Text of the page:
I want you to know I don’t consider my reader a financial opportunity either, although I hope enough of you buy my book to where they’ll let me write another one.  I view my reader as someone to bounce ideas off of; someone to laugh and cry with and try to make some sense out of this crazy a^^ world.  Mr. King talks in ‘On Writing’ about the IR, or ‘Ideal Reader.’  As he writes he tries to envision how some passages might bring tears to the IR while other words bring hope.  He wonders if his work will resonate with the IR and if they cry at the same places in the story he does as he writes it.  I wonder the same thing.   Like the doc gig, it ain’t about money, it’s about communication.  I hope I did my job.  If I didn’t, I’ll work some more.

        Mr. King has made a bunch of money but in his book he says not a single word was written with that as his motive.  I believe him.  His story rings too true for it to be otherwise.

        In music we have a phenomenon called cross-over appeal.  It is a great thing to have a fine bluegrass record, but if the project has the potential to attract other genres, then there is always an extra buzz at the record label.  “Hey dude, this one is special.  I can hear it on public radio and Sirius, but also commercial country, Americana, and gospel.  Who are these guys?”

        Of course, Mr. King is no unknown, but his book has a similar cross-over appeal for other disciplines.  Not only is it a good book for writers, but the same lessons are applicable for flipping hamburgers or the doctor life.  I suspect they hold true in most artistic endeavors, and many business ones.  I know it applies to the music biz.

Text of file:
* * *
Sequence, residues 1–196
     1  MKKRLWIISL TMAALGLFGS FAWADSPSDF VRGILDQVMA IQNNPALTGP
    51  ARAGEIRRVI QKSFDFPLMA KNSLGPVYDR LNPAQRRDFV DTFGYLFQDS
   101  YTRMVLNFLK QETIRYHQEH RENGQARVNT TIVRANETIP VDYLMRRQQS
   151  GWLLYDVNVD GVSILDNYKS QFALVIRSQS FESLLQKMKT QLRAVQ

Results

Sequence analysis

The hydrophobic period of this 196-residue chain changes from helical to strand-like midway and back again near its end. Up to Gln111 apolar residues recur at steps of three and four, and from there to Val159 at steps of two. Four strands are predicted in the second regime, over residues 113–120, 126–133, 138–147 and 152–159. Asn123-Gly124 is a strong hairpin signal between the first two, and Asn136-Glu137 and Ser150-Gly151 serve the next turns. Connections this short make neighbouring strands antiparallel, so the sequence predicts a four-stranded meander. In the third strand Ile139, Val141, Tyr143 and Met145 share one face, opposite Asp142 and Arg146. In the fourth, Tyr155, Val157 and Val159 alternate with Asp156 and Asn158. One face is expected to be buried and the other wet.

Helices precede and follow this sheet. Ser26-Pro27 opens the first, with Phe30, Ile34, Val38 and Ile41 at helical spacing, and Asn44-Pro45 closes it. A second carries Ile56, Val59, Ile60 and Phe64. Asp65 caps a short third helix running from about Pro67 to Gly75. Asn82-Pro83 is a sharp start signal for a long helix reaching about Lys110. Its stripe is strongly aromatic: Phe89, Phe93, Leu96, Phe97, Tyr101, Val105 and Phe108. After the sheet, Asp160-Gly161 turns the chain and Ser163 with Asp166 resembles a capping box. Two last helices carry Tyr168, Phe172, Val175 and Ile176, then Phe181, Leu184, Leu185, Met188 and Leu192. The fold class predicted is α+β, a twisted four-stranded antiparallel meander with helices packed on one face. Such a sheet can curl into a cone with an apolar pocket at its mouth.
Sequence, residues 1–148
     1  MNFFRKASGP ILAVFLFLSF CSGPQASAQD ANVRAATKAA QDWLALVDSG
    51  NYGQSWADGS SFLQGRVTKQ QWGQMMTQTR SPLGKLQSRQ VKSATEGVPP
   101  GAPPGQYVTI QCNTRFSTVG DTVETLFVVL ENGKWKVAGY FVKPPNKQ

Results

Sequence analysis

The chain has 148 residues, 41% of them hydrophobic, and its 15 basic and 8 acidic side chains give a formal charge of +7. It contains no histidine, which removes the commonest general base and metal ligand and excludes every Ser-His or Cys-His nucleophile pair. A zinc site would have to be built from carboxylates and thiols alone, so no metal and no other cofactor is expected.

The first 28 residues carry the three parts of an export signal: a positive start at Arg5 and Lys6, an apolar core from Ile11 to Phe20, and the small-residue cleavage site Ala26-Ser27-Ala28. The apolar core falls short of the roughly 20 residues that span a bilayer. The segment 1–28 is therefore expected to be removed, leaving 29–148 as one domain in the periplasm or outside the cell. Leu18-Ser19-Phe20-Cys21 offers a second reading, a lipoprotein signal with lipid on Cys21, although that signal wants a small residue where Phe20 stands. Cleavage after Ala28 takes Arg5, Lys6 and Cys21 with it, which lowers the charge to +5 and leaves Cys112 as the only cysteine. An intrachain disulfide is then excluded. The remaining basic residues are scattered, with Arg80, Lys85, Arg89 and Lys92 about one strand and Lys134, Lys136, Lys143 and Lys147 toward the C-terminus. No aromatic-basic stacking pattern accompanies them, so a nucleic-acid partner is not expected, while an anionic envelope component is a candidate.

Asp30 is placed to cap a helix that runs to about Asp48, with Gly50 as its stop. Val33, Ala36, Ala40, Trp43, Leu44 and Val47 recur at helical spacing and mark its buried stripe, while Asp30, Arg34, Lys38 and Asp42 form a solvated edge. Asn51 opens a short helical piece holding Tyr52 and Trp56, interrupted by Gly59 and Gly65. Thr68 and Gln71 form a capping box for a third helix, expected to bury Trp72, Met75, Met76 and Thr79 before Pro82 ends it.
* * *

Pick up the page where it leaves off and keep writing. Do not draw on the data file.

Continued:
I came away from my first read encouraged.  Other than some fifty best sellers and millions of dollars, I’m not one bit different from Mr. King.  I can see myself in every milestone of his journey even though I’m still only a step past the stack of rejection letters he used to keep on a spike by his bed.

       Even though I finished his book, in real life I’d say I’m only about half way through the process, but I’ll get there.  I ain’t Stephen King.  I’m only Tommy Bibey, but like Mr. King I have a story I have to tell, and there is no way I could ever stop.

        Mr. King’s book does show the process takes a lot of time.  I consider myself lucky.  I’ve got a day job as a doc I love, so I don’t figure I’ll be flipping burgers any time soon, though Mr. Thomas showed there is nothing wrong with that.  In fact, I suspect Mr. Thomas did better than me and Mr. King put together.  I’m certain he dispensed a whole heap more burgers than I did medical advice.   That’s okay, and I’m not jealous or envious.  We all gotta be what we are and I got to be me the whole way.  I wasn’t perfect but I liked me okay.

        I’ve reached  the stage in life where all I do is walk around and be Dr. B, and at the end of the month someone sends a check.  I’m that way with my music too.  I’ll do the same with my writing and see what happens.  It’s like my Dad told me.  “Son, don’t get into anything for the money, but because you love it.”  I better stick with the doctor gig, picking my mandolin, and physician bluegrass fiction.  Old Dad was right, I love that life. 

        Besides, it is all I know.  Mr. King said what you know was the best thing to write about, at least if you are a novice like me.  My agent told me the same thing.  As Jerry Clower said, “if you hear it twice it’s scripture.”